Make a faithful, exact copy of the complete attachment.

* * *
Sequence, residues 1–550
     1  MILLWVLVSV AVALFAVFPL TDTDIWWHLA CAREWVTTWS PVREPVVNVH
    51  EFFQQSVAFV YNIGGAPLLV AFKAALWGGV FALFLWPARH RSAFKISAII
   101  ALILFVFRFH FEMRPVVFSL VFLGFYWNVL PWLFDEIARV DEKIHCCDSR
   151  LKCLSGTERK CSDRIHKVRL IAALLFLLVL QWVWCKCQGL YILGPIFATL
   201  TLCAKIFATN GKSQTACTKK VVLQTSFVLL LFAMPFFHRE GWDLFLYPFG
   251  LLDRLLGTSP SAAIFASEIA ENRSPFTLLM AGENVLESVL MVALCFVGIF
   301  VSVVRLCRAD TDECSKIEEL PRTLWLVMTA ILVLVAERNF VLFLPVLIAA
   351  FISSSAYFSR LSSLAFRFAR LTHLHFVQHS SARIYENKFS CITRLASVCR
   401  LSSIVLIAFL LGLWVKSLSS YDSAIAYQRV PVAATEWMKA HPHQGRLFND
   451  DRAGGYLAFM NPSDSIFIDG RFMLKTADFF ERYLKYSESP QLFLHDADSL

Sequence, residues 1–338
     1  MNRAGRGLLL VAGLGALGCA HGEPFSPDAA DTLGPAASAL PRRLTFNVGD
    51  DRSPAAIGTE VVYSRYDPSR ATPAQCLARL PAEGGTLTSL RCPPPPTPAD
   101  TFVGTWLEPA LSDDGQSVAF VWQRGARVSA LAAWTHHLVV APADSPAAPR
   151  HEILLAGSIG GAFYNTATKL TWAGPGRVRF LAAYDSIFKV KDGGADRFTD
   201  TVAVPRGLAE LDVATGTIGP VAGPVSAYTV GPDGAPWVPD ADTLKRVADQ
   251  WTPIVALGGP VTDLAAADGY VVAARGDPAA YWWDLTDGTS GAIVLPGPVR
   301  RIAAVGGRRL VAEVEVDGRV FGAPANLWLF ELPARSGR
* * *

Sequence, residues 1–550
     1  MILLWVLVSV AVALFAVFPL TDTDIWWHLA CAREWVTTWS PVREPVVNVH
    51  EFFQQSVAFV YNIGGAPLLV AFKAALWGGV FALFLWPARH RSAFKISAII
   101  ALILFVFRFH FEMRPVVFSL VFLGFYWNVL PWLFDEIARV DEKIHCCDSR
   151  LKCLSGTERK CSDRIHKVRL IAALLFLLVL QWVWCKCQGL YILGPIFATL
   201  TLCAKIFATN GKSQTACTKK VVLQTSFVLL LFAMPFFHRE GWDLFLYPFG
   251  LLDRLLGTSP SAAIFASEIA ENRSPFTLLM AGENVLESVL MVALCFVGIF
   301  VSVVRLCRAD TDECSKIEEL PRTLWLVMTA ILVLVAERNF VLFLPVLIAA
   351  FISSSAYFSR LSSLAFRFAR LTHLHFVQHS SARIYENKFS CITRLASVCR
   401  LSSIVLIAFL LGLWVKSLSS YDSAIAYQRV PVAATEWMKA HPHQGRLFND
   451  DRAGGYLAFM NPSDSIFIDG RFMLKTADFF ERYLKYSESP QLFLHDADSL

Sequence, residues 1–338
     1  MNRAGRGLLL VAGLGALGCA HGEPFSPDAA DTLGPAASAL PRRLTFNVGD
    51  DRSPAAIGTE VVYSRYDPSR ATPAQCLARL PAEGGTLTSL RCPPPPTPAD
   101  TFVGTWLEPA LSDDGQSVAF VWQRGARVSA LAAWTHHLVV APADSPAAPR
   151  HEILLAGSIG GAFYNTATKL TWAGPGRVRF LAAYDSIFKV KDGGADRFTD
   201  TVAVPRGLAE LDVATGTIGP VAGPVSAYTV GPDGAPWVPD ADTLKRVADQ
   251  WTPIVALGGP VTDLAAADGY VVAARGDPAA YWWDLTDGTS GAIVLPGPVR
   301  RIAAVGGRRL VAEVEVDGRV FGAPANLWLF ELPARSGR